EDS is the MOD’s main IT contractor. Here’s their web page.

.. as an HP business group, EDS delivers one of the industry’s broadest portfolios of information technology and business process outsourcing services to customers in the manufacturing, financial services, healthcare, communications, energy, transportation, and consumer and retail industries, and to governments around the world.

The About us page has US contact numbers. It seems to have been written by someone from a Dilbert cartoon. Everything they do is “innovative” and their

highquality, cost-competitive services are provided from the optimal mix of onshore, nearshore and offshore locations.

This determinedly shore-heavy focus may refer to their “related companies”(part-owned companies) which include companies based in the UAE, India (workforce:28,000+ ), the USA and other unspecified locations. One provides “Benefits, Payroll and other HR Administration services to more than 34 million active and retired employees from its client organizations.”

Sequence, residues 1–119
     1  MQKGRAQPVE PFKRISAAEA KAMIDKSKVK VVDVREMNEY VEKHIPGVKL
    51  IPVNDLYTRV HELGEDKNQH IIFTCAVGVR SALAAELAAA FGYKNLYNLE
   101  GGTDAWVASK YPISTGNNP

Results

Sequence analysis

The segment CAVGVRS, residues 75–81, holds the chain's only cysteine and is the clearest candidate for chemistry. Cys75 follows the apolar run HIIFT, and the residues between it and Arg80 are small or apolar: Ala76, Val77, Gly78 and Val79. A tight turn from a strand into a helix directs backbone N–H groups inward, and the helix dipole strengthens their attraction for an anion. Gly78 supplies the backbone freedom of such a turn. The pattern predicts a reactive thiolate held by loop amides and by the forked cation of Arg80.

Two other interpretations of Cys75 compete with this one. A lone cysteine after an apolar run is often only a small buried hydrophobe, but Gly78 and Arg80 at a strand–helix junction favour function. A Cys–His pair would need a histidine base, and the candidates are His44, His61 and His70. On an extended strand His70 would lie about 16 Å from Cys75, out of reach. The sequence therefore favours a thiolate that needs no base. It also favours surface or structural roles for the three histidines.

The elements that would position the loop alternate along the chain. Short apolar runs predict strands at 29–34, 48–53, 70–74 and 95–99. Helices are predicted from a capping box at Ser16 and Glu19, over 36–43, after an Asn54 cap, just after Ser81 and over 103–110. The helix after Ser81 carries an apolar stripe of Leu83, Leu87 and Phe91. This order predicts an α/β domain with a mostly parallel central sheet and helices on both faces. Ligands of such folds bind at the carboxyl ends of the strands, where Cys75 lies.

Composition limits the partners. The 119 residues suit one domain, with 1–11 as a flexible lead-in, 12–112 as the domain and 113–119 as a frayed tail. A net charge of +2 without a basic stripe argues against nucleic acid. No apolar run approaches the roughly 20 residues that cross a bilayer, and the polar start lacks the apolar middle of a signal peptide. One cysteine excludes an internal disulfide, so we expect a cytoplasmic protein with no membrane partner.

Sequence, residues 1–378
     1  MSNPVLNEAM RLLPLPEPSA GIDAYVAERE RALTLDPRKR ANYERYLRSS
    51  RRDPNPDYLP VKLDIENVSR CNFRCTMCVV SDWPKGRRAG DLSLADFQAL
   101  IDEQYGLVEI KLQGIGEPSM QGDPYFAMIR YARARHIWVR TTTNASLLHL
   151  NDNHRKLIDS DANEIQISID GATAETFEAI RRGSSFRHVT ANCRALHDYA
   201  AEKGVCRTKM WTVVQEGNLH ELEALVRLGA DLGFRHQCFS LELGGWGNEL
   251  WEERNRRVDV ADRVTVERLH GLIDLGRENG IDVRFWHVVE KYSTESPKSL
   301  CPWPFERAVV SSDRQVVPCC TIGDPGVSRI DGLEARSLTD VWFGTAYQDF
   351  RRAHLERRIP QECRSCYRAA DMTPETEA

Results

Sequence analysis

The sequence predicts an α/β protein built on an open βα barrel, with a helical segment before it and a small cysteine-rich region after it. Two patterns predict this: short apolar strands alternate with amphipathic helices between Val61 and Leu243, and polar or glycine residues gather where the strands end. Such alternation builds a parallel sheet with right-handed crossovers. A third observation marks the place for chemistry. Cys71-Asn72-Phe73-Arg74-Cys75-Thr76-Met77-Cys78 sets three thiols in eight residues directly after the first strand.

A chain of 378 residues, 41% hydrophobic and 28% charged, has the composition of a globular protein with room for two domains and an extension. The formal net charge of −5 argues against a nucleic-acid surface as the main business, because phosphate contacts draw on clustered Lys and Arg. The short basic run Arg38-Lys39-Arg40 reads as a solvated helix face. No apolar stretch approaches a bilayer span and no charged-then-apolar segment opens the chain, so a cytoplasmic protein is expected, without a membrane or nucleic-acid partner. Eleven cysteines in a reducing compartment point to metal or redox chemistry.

On the 8 September, 2008, prison officers were disturbed about EDS’s loss of their personal data, to the point of threatening a strike.

At that time, Computer Weekly pointed out that EDS already had something of a track record in the data-loss area. The Burton Review Report, published in April 2008, looked into an earlier loss of MOD personnel data, in which EDS were involved.

One of the themes emerging from the Strategy for Transformational Government (2005) was the increased emphasis on sharing services, particularly in information and infrastructure. The Armed Forces have been early pioneers of this approach, through a range of Private Finance Initiative (PFI) and Public Private Partnership (PPP) contracts. (from page 4, Burton Report)

Hmm. Need look no further for the culprit methinks: the whole processes for giving out PFI and PPP contracts.

You might assume that the UK must be desperately short of cash, if it’s prepared to hand over its most crucial information to any company that offers to undercut government employees, while providing a better service and still making a profit. (Well, it must sound convincing to UK governments,) But, it seems that the UK government has a bottomless pit of money for bailing out banks, so shortage of cash can’t be the reason.